BAGHDAD (AFP) – Iraqis nervously awaited results from the country’s March 7 election, set to be released on Friday, amid a tight battle between two main rival blocs and fears of a nascent political crisis.
With the national election commission set to announce final results nearly three weeks after the vote took place, sitting Prime Minister Nuri al-Maliki has cried foul and demanded a manual recount, becoming the most prominent of a large number of politicians who have alleged fraud.
While electoral authorities have rebuffed the incumbent’s request, Maliki’s State of Law Alliance has threatened not to recognise results it sees as tainted, potentially plunging Iraq into a major political crisis.
The tension was palpable in Baghdad on Thursday, where most discussions on the streets revolved around the elections, revealing the fears of many Iraqis of a return to violence in the event of a political standoff.
“Everyone is only talking about elections,” said Abdul Jalili, a 55-year-old pensioner at the capital’s Liberation Square, one of the city’s biggest.
“We think that the forces involved are in the process of assembling their rank and file for a confrontation, that there will be more violence.
“I do not think we are going to see a peaceful transfer of power.”
Iraq was engulfed in communal bloodshed from 2006 to 2007 that saw tens of thousands killed, and while the overall levels of violence have dropped dramatically since then, hundreds of Iraqis are still killed every month as a result of attacks.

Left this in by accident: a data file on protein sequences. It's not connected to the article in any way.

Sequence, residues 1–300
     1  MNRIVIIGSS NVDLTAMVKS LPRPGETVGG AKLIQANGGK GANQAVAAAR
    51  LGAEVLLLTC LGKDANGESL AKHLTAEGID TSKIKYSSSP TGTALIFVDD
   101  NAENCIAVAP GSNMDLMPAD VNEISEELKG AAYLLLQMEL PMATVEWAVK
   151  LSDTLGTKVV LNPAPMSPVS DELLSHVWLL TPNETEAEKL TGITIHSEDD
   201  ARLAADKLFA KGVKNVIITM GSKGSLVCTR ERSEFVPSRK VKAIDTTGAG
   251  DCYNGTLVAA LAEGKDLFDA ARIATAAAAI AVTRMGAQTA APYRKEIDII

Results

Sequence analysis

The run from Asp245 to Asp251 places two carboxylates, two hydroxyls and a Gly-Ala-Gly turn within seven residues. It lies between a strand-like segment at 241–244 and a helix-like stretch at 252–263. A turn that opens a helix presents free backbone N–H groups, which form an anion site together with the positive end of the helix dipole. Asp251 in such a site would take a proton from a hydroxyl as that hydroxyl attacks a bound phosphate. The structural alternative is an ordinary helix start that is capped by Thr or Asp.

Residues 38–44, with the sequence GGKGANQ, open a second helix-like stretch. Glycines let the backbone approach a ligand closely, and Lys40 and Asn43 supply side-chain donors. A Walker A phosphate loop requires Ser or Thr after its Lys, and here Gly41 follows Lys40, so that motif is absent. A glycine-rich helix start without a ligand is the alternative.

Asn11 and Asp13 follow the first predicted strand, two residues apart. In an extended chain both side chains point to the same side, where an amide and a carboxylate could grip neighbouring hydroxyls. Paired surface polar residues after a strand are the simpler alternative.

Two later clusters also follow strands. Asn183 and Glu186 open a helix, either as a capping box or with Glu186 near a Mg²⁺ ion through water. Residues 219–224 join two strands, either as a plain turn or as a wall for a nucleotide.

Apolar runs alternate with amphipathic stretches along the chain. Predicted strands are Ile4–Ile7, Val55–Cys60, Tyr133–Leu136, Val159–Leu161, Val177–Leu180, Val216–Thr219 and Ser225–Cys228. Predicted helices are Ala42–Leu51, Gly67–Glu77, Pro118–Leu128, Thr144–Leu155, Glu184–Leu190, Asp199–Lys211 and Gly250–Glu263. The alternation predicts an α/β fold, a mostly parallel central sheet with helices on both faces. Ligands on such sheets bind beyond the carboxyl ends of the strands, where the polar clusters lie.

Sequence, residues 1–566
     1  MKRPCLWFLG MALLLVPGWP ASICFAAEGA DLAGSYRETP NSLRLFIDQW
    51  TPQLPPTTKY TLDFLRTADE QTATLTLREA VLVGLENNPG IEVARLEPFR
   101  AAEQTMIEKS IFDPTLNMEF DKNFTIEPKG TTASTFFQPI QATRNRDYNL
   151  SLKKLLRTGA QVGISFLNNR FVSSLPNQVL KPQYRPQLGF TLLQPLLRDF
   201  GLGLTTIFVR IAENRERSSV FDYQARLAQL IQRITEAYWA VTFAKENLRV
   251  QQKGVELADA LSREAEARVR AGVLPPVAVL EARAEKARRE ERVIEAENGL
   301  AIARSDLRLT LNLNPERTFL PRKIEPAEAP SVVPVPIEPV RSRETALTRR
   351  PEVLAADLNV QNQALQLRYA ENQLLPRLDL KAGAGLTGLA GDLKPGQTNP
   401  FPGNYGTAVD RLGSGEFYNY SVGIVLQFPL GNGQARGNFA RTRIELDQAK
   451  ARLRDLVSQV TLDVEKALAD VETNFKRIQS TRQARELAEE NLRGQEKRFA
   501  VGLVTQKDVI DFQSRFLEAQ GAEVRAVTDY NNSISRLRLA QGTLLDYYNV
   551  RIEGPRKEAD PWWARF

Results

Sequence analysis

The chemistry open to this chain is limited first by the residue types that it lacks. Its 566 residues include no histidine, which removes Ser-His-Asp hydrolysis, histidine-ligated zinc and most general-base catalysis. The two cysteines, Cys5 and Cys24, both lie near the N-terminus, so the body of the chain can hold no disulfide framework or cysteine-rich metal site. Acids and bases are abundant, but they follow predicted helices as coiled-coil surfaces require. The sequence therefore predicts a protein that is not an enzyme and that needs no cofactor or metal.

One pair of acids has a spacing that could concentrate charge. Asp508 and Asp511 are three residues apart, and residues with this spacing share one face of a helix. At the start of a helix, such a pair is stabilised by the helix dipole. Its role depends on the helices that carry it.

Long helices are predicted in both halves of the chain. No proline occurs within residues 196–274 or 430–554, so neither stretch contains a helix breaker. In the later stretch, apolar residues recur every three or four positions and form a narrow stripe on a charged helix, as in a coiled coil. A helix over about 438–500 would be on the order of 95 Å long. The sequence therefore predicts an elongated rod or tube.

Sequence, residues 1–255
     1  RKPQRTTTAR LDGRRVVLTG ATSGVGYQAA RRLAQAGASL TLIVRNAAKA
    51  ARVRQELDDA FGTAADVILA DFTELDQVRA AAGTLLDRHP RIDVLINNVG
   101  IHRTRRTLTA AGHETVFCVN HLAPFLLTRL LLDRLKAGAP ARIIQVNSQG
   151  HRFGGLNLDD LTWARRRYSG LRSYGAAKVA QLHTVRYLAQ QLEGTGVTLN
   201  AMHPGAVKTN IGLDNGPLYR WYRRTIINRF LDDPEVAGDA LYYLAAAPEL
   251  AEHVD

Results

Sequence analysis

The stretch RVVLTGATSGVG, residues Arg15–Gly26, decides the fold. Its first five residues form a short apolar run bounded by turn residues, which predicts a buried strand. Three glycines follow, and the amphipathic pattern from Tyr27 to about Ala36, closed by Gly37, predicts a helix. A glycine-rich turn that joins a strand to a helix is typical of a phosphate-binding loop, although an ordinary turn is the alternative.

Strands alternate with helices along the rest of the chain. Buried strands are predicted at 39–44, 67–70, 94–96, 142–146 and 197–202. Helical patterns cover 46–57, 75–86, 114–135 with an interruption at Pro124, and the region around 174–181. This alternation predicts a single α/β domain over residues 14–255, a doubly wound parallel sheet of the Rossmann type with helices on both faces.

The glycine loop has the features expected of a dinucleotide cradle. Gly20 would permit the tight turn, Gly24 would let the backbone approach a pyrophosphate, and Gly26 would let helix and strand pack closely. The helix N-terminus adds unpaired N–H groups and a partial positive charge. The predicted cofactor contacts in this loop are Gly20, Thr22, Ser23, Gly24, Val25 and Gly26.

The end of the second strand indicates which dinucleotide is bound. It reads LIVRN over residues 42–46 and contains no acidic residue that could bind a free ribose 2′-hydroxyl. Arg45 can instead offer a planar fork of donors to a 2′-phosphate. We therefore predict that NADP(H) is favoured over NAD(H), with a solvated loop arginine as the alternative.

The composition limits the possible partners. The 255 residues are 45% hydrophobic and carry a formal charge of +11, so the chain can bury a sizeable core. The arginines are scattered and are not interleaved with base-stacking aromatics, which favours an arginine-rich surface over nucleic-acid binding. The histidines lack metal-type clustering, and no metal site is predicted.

“People are scared that the losers will refuse to accept defeat and provoke violence,” said Kamel Mutlak, a 25-year-old traffic policeman.
“And in the end, it will be all Iraqis who will have lost.”
State of Law has organised several demonstrations in recent days in predominantly Shiite provinces in Iraq’s south, where it performed well in the parliamentary election.
Council chiefs in 10 central and southern provinces, including Baghdad, who belong to the bloc published a statement on Wednesday threatening “a major escalation” if Maliki’s recount demand is not met. They did not elaborate.
“It is normal to see tensions today because the process did not proceed normally,” said Ali al-Adeeb, a State of Law candidate.
“We have information on the existence of fraud within the commission.”
Adeeb predicted: “The formation of the government will be complicated and delayed.”
For his part, Maliki warned on Sunday that his recount request was needed to “protect political stability… and prevent a return to violence,” in a statement which pointedly noted that he remained head of the country’s armed forces.
From the perspective of the Iraqiya bloc of secular ex-premier Iyad Allawi, the incumbent’s main challenger, Maliki’s demand was intended merely to sow discord.
“Some of those in the State of Law Alliance are trying to spark chaos in Iraq’s streets,” said Haidar al-Mullah, a spokesman for Iraqiya.
State of Law and Iraqiya are neck-and-neck in the race to be the biggest single bloc in parliament and have first cracking at trying to form a government.
They were both on course to win 91 seats in the 325-member parliament under Iraq’s complicated system of proportional representation after 95 percent of ballots had been counted, according to AFP calculations.
The election comes less than six months before the United States is due to withdraw all of its combat troops from Iraq and Washington will be keen to see a smooth outcome.